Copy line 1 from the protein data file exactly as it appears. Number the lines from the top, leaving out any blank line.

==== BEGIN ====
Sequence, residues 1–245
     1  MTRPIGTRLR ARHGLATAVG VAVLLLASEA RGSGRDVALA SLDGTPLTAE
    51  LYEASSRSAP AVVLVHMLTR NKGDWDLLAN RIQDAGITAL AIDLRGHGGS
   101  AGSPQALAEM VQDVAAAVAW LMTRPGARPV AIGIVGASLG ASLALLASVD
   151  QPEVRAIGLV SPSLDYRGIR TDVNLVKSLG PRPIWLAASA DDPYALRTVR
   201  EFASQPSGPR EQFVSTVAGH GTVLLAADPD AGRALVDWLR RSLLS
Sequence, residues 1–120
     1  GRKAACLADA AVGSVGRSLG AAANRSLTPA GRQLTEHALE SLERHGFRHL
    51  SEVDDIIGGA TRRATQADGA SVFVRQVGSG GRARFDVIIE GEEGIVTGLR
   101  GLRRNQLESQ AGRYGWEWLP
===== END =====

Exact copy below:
Sequence, residues 1–245